Sermons

Summary: Do you test God or trust God? What are the ways we try to control God in order to get our way?

To understand how the devil is tempting Jesus here in this second temptation, we first need an accurate picture of Jerusalem. Jerusalem is a city which was built on a very high plateau and is surrounded by deep valleys. Whenever you read in the Bible about someone going to Jerusalem you will notice that it always says that they go up to Jerusalem. Also, the city is fortified with huge walls which encircle it. At the edge of this high, walled city is the Temple area which is also the highest point in the city. The Temple itself is surrounded with a very large wall that connects to the outer city wall. When Sue and I went to Israel we looked up at the Temple wall from the Kidron Valley, and believe me it is an impressive sight. It was atop the outer wall of the Temple area where the devil takes Jesus, and as they look down from the dizzying height, the devil suggests that Jesus jump, so that all the angels of heaven would rush to his rescue.

It is interesting to note that the devil quotes Scripture here. He still quotes Scripture to people if he can distort it for his own purposes. As always he leaves parts out, twists its true meaning and suggests taking the Scripture to its illogical extreme of literalism. He quotes Psalm 91:11-12 to Jesus: “For he will command his angels concerning you to guard you in all your ways; they will lift you up in their hands, so that you will not strike your foot against a stone.” What the Psalm is suggesting, by way of poetic symbolism and hyperbole, is that the Lord will be with the person who is doing his will and trusting him. It is not a law, it is a principle that says: God will guide and guard the person who obeys him. But the devil insinuates that this Old Testament song is to be taken literally in every situation, and suggests that Jesus test God to see if he would do what he said he would do. He is saying, “If you are the Son of God, prove it. After all, Elijah was swept into heaven by a fiery chariot, surely God would do no less for his Son. Do you really trust in God and believe what is said in the Scripture? Do you really believe God will protect you? If this Scripture is true, what about the death you will have to suffer? Is the Scripture trustworthy, and can you really count on God to keep you from being hurt by me?”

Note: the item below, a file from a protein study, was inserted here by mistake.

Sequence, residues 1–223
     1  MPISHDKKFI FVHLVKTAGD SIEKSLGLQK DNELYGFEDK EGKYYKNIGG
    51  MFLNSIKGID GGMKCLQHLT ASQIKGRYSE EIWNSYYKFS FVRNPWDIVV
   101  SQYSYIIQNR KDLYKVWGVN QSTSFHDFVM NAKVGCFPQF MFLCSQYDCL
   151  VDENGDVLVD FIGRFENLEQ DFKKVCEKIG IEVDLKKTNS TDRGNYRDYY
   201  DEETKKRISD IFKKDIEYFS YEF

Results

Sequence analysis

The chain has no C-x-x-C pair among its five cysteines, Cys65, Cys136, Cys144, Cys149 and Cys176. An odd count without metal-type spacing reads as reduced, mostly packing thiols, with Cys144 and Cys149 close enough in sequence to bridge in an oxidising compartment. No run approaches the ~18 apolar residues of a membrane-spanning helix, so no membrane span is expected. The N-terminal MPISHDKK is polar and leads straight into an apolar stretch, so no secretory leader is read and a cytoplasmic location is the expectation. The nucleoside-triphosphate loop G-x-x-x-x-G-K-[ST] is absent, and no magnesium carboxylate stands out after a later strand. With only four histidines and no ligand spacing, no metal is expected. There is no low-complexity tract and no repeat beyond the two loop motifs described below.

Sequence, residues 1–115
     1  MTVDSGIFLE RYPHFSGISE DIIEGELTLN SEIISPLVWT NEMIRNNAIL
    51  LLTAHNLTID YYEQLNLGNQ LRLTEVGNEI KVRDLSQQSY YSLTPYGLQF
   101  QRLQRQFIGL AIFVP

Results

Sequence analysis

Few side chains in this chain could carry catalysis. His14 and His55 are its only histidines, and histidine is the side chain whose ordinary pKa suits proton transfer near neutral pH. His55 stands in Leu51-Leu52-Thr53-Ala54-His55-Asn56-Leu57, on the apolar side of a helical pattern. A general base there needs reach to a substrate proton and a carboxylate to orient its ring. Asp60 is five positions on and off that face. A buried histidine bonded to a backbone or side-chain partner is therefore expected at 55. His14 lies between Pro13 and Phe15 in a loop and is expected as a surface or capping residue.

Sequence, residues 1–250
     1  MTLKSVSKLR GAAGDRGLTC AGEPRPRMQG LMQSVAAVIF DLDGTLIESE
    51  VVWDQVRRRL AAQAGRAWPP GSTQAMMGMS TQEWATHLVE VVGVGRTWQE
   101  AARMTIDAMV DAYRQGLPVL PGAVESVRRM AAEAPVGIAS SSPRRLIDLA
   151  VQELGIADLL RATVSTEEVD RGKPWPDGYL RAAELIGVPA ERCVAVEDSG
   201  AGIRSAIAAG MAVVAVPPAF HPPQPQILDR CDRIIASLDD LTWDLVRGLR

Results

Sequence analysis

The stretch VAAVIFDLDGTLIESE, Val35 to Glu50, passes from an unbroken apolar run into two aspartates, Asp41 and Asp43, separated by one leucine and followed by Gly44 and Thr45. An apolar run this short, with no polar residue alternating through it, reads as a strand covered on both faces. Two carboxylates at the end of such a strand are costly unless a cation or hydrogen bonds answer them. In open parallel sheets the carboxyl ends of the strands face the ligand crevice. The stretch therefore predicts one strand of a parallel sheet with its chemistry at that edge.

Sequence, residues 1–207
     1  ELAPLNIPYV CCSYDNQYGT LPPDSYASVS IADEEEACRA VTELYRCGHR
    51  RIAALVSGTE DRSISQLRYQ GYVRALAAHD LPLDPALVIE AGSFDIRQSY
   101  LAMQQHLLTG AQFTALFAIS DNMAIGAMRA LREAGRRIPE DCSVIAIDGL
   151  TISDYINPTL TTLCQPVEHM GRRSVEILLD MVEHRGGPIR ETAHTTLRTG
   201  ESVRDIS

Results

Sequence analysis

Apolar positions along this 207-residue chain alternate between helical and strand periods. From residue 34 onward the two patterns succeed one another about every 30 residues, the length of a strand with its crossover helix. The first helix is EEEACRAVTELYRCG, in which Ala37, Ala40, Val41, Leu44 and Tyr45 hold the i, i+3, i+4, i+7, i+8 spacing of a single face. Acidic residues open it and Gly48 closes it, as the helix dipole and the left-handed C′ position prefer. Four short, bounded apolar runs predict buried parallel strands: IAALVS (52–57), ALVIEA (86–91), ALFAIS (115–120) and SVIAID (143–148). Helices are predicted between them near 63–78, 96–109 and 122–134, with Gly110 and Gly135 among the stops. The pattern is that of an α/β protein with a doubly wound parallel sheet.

The Charismatic movement made this very mistake in its interpretation of Scripture with its emphasis on healings and miracles, making them out to be the norm. And although we have learned many good things from the Charismatic movement, and it has affected the church in many positive ways, this was a particularly tragic mistake that has left many disillusioned people in its wake. There are many of those dear people who are no longer following God because they were led to believe that God guaranteed things which he never promised. Some are disillusioned because they think that since they experienced difficulty God is punishing them for something, and they have no idea what it is. Others want to know why someone they loved became ill, or died, when they had prayed and believed God for a healing. They want to know why God did not protect them from the misfortune they experienced. They gave their money and still went bankrupt. What happened? Where did they go wrong... or was it God who let them down?

The devil tempted them by saying, “If you are a Christian why don’t you believe what God said in his Word? Take every word literally and take the leap of faith. Prove that you trust in God and his Word.” What sounds spiritual is sometimes just stupid. Faith can be perverted. In fact, what may appear to be faith may not be faith at all, it may be stubborn self-will — an insistence of having your own way. What appears to be faith may in reality be pride and self-glorification. It may even be an attempt to control God.

Our temptation is sometimes similar to the one Jesus faced: We want God to do something spectacular and make us look good or prove he is on our side. The temptation is to want God to perform a miracle and save us from hard work. The temptation is to want life to be easy. We want God’s will and work to be effortless. God’s will done in God’s way still takes hard work. Even though we have his blessing and help there are few shortcuts or sweatless solutions.

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